According to UNFCCC: Carbon credits, also known as carbon offsets, are permits that allow the owner to emit a certain amount of carbon dioxide or other greenhouse gases. One credit permits the emission of one ton of carbon dioxide or the equivalent in other greenhouse gases. These credits can be bought and sold on the international carbon market, allowing companies to offset their emissions by purchasing credits from other companies that have reduced their emissions below their allotted limit. The concept of carbon credits creates a market-based approach to reducing emissions, which incentivizes companies to reduce their carbon footprint and invest in clean energy. In recent years, the carbon credit market has grown significantly, with the creation of new carbon credit programs such as the Clean Development Mechanism (CDM) under the Kyoto Protocol and the Paris Agreement. Companies are now buying carbon credits in large volumes to offset their emissions and meet their carbon reduction targets.
However, there is growing concern that carbon credits alone may not be enough to address the climate crisis. This is where carbon removal comes into play. Carbon removal refers to technologies and practices that remove carbon dioxide from the atmosphere and store it in a permanent manner. Examples in plants, soils, oceans, rocks, saline aquifers, depleted oil wells, or long- lived products like cement. Carbon removal complements carbon credits by reducing the overall amount of carbon dioxide in the atmosphere, rather than simply offsetting emissions. The deployment of carbon removal technologies has the potential to make a significant impact on reducing atmospheric carbon dioxide levels, and in turn, the effects of climate change.
According to the Intergovernmental Panel on Climate Change, Carbon removal is rising in prominence on the international stage. Repeatedly IPCC has affirmed that billions of tons of carbon removal are needed to avoid climate disaster and meet the goals of the Paris Agreement. Rather than competing with emissions reduction and climate change adaptation, carbon removal is increasingly seen as a vital and complementary third pillar of climate action. The UNFCCC notes that political importance of carbon removals is also increasing. UNFCCC then released a call for public input to shape how carbon removal fits into Article VI of the Paris Agreement. The removal of and subsequent sequestering carbon(iv) oxide contributes in permanently reducing climate risk by slowing or even reversing climate change. One of the most promising carbon removal technologies is direct air capture.
Direct air capture technology involves the use of machines to capture carbon dioxide from the air and store it in a secure location. Direct air capture has the potential to significantly reduce the concentration of carbon dioxide in the atmosphere through photosynthesis and store it in their wood and leaves. Reforestation and afforestation projects can help to remove carbon dioxide from the atmosphere, while also providing other benefits such as reducing soil erosion, improving water quality, and providing habitat for wildlife. Additionally, the restoration of degraded or deforested land can improve the livelihoods of local communities, which can help to reduce poverty and improve resilience to the impacts of climate change. Carbon removal technologies also have the potential to help communities and countries adapt to the impacts of climate change. For example, by removing carbon dioxide from the atmosphere, carbon removal can help to slow the pace of climate change, reducing the severity of its impacts.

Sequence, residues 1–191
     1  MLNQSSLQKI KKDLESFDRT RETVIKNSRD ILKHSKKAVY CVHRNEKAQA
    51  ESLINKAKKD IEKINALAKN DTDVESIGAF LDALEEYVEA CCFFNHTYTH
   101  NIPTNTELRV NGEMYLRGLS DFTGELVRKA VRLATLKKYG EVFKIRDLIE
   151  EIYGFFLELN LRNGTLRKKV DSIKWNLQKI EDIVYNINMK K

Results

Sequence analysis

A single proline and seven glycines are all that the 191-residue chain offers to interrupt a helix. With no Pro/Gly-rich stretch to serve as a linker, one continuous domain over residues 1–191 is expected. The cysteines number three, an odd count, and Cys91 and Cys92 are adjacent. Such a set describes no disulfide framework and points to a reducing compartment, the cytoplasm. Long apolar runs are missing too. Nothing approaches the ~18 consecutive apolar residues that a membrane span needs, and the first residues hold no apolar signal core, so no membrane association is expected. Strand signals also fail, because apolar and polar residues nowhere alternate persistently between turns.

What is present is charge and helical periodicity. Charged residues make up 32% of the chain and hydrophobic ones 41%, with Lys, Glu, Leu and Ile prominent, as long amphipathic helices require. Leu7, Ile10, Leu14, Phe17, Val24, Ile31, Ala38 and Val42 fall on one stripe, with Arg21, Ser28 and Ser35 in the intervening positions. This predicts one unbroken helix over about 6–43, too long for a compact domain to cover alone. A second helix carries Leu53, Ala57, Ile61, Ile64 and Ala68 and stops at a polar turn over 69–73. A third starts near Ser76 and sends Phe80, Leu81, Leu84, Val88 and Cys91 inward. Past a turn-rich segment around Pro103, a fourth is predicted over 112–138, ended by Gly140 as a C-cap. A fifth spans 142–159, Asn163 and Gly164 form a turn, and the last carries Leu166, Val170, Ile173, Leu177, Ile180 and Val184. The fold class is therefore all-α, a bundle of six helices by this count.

In addition, carbon removal projects can create new economic opportunities, such as jobs in the development and deployment of carbon removal technologies, which can help communities to become more resilient to the impacts of climate change. The deployment of carbon removal technologies also has the potential to help countries to achieve their carbon reduction targets and achieve a sustainable future. In particular, carbon removal can help to mitigate the risks associated with relying on carbon credits alone to reduce emissions.
For example, if companies purchase carbon credits to offset their emissions, there is no guarantee that the emissions reductions claimed by the seller of the credits will actually occur. In addition, the carbon credit market can be subject to fraud and corruption, which can undermine its effectiveness in reducing emissions. Carbon removal technologies also have the potential to be more cost-effective than carbon credits over the long-term. While the upfront costs of deploying carbon removal technologies can be high, the long-term benefits in terms of reduced emissions and improved resilience are substantial.
In addition, the costs of carbon removal technologies are likely to decrease over time as the technologies are further developed and deployed at scale. In conclusion, the deployment of carbon removal technologies is set to play an increasingly important role in the fight against climate change. Carbon removal complements carbon credits by reducing the overall amount of carbon dioxide in the atmosphere, and has the potential to improve resilience and adaptation to the impacts of climate change. While the upfront costs of deploying carbon removal technologies can be high, the long-term benefits in terms of reduced emissions and improved resilience is substantial. The continued deployment of carbon removal technologies is an essential step towards a sustainable future and a resilient planet.